9. Hi Geometrian, thank you so much for pointing that out. Of course it was meant as a projection matrix - and it did the visual - kind of. I took the matrix from [url=""]here[/url] But I didn´t notice that the w coordinate of the translational part of this matrix is set to zero. I thought that w of the translational part must always be one. The w value introduced the weird translation I had to fight with. Maybe I have to rethink my whole approach concerning matrices. I learned from David Eberlys fine "Geometric Tools" that it is a good idea to distinct point and vectors. And I distinct them per type. So I have a point and a vector class. Points w is always 1, Vector w is always 0. At least I thought so. I had to relax this lately because the homogenous approach to perspective division demands w values different from zero or one. My whole approach to matrices is somewhat broken now. Maybe I will rewrite them. My current approach looks like this: [quote] public class Matrix3 { private Vector3 x, y, z; private Point3 w; [...] }[/quote] Up to now I liked it and thought it was elegant, but there are cases like projection when w actually is not a point. Now i do something like: [quote]matrix3.w().setW(0.0f) [/quote] which contradicts the statement that w is of type point3. Maybe I have to abandon this approach. I also have never seen anybody do it like this - there might be a reason.... Thank you so much and extra pair of eyes can really do wonders sometimes - I was so stuck in my approach - I would have never noticed that glitch. Frederick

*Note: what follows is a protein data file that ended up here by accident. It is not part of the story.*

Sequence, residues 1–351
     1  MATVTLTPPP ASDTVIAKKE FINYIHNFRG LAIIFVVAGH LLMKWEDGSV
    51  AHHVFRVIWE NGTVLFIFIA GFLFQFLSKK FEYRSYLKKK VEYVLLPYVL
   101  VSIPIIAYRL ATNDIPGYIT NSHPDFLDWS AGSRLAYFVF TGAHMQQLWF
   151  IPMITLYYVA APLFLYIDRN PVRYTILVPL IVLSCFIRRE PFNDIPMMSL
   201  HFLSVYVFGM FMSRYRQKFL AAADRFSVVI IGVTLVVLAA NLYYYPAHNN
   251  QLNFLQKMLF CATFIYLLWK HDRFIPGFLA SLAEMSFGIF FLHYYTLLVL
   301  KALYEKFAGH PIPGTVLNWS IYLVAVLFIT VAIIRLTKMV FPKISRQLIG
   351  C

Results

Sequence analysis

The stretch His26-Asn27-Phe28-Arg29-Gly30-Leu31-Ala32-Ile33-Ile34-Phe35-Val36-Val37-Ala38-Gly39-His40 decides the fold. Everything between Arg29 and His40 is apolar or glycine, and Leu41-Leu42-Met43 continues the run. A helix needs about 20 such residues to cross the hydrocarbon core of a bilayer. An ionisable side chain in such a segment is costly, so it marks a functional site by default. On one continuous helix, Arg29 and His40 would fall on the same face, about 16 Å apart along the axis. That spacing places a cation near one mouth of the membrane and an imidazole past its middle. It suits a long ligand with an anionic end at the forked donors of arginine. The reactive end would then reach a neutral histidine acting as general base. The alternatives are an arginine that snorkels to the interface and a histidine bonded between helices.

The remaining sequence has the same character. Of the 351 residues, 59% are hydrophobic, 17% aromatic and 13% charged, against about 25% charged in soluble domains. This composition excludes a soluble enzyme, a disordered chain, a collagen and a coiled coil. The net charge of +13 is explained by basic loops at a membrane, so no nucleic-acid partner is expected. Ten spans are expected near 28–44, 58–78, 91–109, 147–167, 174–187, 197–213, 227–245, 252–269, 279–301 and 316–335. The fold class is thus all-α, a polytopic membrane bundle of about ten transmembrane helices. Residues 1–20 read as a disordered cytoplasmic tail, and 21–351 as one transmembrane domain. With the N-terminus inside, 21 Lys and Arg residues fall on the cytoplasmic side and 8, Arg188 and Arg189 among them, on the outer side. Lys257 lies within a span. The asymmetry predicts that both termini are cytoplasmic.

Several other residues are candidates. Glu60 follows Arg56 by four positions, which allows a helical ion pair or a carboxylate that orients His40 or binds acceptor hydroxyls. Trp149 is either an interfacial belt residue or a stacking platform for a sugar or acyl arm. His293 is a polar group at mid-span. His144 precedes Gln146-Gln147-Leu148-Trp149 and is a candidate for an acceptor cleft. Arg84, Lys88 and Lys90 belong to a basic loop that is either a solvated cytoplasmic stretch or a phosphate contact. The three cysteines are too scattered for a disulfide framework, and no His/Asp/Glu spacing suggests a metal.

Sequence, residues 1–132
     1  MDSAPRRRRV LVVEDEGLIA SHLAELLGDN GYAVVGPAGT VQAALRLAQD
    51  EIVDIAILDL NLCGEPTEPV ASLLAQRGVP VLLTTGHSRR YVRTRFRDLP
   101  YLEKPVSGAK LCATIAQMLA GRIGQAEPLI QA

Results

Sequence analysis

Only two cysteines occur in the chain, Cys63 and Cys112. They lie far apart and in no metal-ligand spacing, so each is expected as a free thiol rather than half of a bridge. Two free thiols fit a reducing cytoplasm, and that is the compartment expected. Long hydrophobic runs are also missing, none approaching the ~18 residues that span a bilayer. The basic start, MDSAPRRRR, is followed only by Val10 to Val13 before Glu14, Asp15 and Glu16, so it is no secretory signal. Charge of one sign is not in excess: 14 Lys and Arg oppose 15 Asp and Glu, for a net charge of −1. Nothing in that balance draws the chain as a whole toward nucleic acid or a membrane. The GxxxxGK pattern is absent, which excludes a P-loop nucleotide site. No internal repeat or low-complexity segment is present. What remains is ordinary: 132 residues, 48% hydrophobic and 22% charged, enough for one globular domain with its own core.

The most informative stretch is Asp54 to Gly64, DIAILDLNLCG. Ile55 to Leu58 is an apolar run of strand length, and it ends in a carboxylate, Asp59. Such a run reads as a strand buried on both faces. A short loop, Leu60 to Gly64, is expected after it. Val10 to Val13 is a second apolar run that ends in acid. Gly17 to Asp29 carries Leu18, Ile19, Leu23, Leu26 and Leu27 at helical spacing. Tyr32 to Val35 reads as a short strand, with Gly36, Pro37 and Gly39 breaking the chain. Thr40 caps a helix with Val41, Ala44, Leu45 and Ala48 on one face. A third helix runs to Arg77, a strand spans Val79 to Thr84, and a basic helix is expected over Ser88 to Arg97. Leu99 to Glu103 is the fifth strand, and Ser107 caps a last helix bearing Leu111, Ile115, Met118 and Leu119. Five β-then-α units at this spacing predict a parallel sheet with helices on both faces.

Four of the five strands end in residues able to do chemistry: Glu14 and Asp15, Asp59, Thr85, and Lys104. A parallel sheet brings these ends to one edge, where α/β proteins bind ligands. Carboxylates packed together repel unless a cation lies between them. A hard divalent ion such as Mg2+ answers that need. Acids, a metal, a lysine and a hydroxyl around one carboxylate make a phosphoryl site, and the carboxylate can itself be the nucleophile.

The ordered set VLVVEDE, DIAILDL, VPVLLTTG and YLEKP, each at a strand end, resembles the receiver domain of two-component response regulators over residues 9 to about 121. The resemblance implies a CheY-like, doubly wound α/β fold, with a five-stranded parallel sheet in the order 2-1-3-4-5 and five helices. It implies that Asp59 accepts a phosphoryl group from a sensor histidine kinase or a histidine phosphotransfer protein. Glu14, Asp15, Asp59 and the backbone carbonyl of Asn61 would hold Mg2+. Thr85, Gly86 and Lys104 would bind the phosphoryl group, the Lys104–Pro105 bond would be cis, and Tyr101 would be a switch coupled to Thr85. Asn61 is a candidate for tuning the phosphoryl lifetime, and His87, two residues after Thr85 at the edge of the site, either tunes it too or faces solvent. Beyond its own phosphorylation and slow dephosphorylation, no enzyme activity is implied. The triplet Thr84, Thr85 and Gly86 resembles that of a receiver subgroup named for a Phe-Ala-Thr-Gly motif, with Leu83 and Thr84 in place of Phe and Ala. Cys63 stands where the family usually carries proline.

10. Hi, [quote]I'm not a mathematician, so I may be inexact or even wrong.[/quote] Neither am I [quote] 1. With x[sup]2[/sup] + y[sup]2[/sup] + z[sup]2[/sup] = 1 and (x, y) given, you still cannot compute a unique z. You are only happy with this if +z and -z have the same meaning. In the case of quaternions it is true that for each orientation in 3D space 2 equivalent quaternions exist, one being the negated version of the other. But due to the square, the sign is lost anyway [/quote] Well thats interesting. The w value is not completely redundant, but stores a sign, which will disambiguate the dual rotations. Quaternions seem to cover the [i]action [/i]of rotation not only the[i] result[/i], which means not only the end orientation is stored, but also the way taken to reach it. For me that is not so important, and its totally fine to loose this extra information. [quote] 2. A rotation matrix can be interpreted as a basis. Such an interpretation is (AFAIK) not existent for quaternions. Saying "if we look at quaternion representation there is a compact axis-angle representation hidden in the four values" is wrong w.r.t. a geometric interpretation. Of course, you can convert from quaternion to axis/angle (or matrix, or Euler angles, or whatever), so in [i]this[/i] sense it is hidden therein, but I think that isn't the statement behind the sentence. [/quote] Well there is a geometric interpretation, have a look at the [url=""]wiki[/url]. Quaternion is actually axis/angle, with the axis scaled by some sine of the angle. Again the quote: [quote]he point ([i]w[/i],[i]x[/i],[i]y[/i],[i]z[/i]) represents a rotation around the axis directed by the vector ([i]x[/i],[i]y[/i],[i]z[/i]) by an angle [img][/img][/quote] [quote]3. A quaternion need not be of unit length, but only unit-quaternions represent pure rotations. So from the standpoint of the general quaternion, the unit-length is not a must and hence there is no redundancy. Just your usage may introduce this redundancy.[/quote] Right but un-normalised quaternions are not of great use, unlike unnormalised homogenous coordinates !? Or are there other use cases for quaternions ? [quote]5. AFAIK gimbal lock is a problem of consecutive rotations where a particular rotation becomes worthless because of the previous rotations. This has nothing to do with the number of co-efficients but with the method of rotations one uses to compose the overall rotation. That said, gimbal lock may occur when using quaternions or axis/angle rotations as well; you just have to use them in the same manner as Euler angles are used, for example.[/quote] Given, but it is often stated that representations with only three values are degenerate at some point. [quote]It can be shown that no two-parameter coordinate system can avoid such degeneracy.[/quote] In our case thats 3D. This doesn´t seem to apply to "axis scaled by angle". Any more enlightenment ? Actually I am favouring "scaled axis" over eulers at the moment. I believe including w would cause only trouble, since this would require the optimization process to care for the quaternion constraints. Thanks al lot! Frederik